In Blair v. Rent-A-Center, Inc., No. C 17-02335 WHA, 2019 U.S. Dist. LEXIS 21988 (N.D. Cal. Feb. 11, 2019), Judge Alsup granted summary judgment to a merchandise lessor against a class action plaintiff’s claim that the contracts were disguised security agreements subject to usury.  The allegations were as follows:

Defendants Rent-A-Center, Inc. and Rent-A-Center West, Inc. (collectively “RAC”) maintained rent-to-own stores throughout California. These stores rented and sold new and used household merchandise (e.g., appliances, electronics, and furniture) to consumers for periodic payments. Customers could either rent the merchandise for a period of time or, if all payments had been made after a specified period, the consumer would own the merchandise. Consumers also had the right to acquire the merchandise prior to the end of the specified period by exercising an early-purchase option. The rental-purchase agreements governing these transactions defined plaintiffs as “lessee/renter/consumer” and defined RAC as “lessor/owner.” The agreements further provided that “[p]ayments [were] due at the [*3]  beginning of each term that you choose to rent the property.” The consumer had no obligation to renew the agreement beyond the initial term, but could elect to do so by making an advance payment for another successive term (Dkt. Nos. 118-39, 118-40).

Judge Alsup granted the defendant’s motion for summary adjudication as follows:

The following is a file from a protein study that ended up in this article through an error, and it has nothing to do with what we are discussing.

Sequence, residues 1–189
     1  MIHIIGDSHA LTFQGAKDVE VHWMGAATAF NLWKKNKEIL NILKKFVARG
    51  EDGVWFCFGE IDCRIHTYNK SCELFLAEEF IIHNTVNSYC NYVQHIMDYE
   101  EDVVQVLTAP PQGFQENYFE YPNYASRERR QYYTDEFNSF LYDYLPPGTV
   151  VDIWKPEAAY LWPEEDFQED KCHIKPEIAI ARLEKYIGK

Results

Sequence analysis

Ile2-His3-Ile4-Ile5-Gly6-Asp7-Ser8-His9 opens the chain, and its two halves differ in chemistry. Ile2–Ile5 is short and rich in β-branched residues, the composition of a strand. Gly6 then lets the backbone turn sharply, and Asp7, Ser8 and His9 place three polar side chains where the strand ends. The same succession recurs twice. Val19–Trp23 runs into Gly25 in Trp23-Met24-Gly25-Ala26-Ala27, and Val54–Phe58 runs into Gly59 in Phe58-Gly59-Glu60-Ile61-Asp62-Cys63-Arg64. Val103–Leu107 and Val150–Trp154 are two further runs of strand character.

The California Constitution provides that “any loan or forbearance of any money, goods, or things in action, if the money, goods, or things in action are for use primarily for personal, family, or household purposes,” may accrue “at a rate not exceeding 10 percent per annum.” Cal. Const. Art. 15, § 1. California’s usury law therefore applies only to transactions which constitute a “loan or forbearance.” This order concludes that the rent-to-own transactions at issue in this litigation do not constitute a loan or forbearance and that California’s usury laws are therefore inapplicable. A “loan of money is a contract by which one delivers a sum of money to another, and the latter agrees to return at a future time a sum equivalent to that which he borrowed.” Cal. Civil Code § 1912. Rent-to-own transactions do not fall within this definition. Under the parties’ rental-purchase agreements, plaintiffs made rental [*6]  payments in advance to lease household goods on a weekly or monthly basis. Plaintiffs agree that this is a lease “in form” but argue that the transaction is nevertheless a loan “in substance.” To be sure, in determining whether a transaction is a usurious loan, one “must look to the substance of the transaction rather than to its form.” W. Pico Furniture Co. v. Pac. Fin. Loans, 2 Cal. 3d 594, 603, 86 Cal. Rptr. 793, 469 P.2d 665 (1970). According to plaintiffs’ characterization, if a consumer makes all rental payments delineated in a rental-purchase agreement and thereby gains ownership of an item, the consumer has in effect borrowed money to purchase the item and then repaid the purchase price with an additional sum. If the consumer chooses not to make all rental payments, plaintiffs argue, the consumer has effectively borrowed the item and paid a hefty price for the item’s use during the rental period. Contrary to plaintiffs’ characterizations, plaintiffs never incurred a debt or obligation to purchase the goods they rented. Rather, they paid in advance of each rental period with the choice to terminate the rental agreement at any time. While plaintiffs indisputably paid RAC significantly more to rent these items than they would have paid to purchase outright from a traditional [*7]  retailer, this does not transform the rental transaction into a loan. The Karnette Act itself — the very premise on which plaintiffs have anchored their case — defines a rental-purchase agreement as “an agreement between a lessor and a consumer pursuant to which the lessor rents or leases, for valuable consideration, personal property for use by a consumer for personal, family, or household purposes for an initial term not exceeding four months that may be renewed or otherwise extended, if under the terms of the agreement the consumer acquires an option or other legally enforceable right to become owner of the property.” Cal. Civ. Code § 1812.622 (emphasis added). The Act further provides that a rental-purchase agreement “shall not be construed to be, nor be governed by . . . [a] lease or agreement that constitutes a security interested, as defined in Section 1201 of the Commercial Code.” Ibid. Section 1201 provides that “[w]hether a transaction in the form of a lease creates a ‘security interest’ is determined pursuant to Section 1203,” which in turn states that “[a] transaction in the form of a lease creates a security interest if the consideration that the lessee is to pay the lessor for the right to possession and use of the goods is an obligation [*8]  for the term of the lease and is not subject to termination by the lessee.” Accordingly, under the text of the Karnette Act and California law, a rental-purchase agreement (which can be canceled by the consumer at any time without penalty) does not create a security interest. Plaintiffs concede that RAC is not liable under California usury law for rental-purchase transactions that fully comply with the Karnette Act’s pricing requirements. They instead argue that a transaction becomes subject to usury when it fails to adhere to the Act’s price caps. This order disagrees. That a violation of the Karnette Act’s price-caps may be remedied both through the Karnette Act’s remedial provisions and through other “remedies[] or penalties established under other laws,” Cal. Civ. Code § 1812.648, does not mean that the noncompliance of a rental-purchase agreement transforms the nature of the transaction into a loan or forbearance subject to usury laws. In sum, because the parties’ rental-purchase transactions do not constitute a “loan or forbearance” under California law, RAC’s motion for summary judgment on plaintiffs’ usury claim is Granted. Importantly, because RAC moved for summary judgment before notice regarding class [*9]  certification was sent to members of the class, this ruling binds only the named plaintiffs. Schwarzschild v. Tse, 69 F.3d 293, 297 (9th Cir. 1995).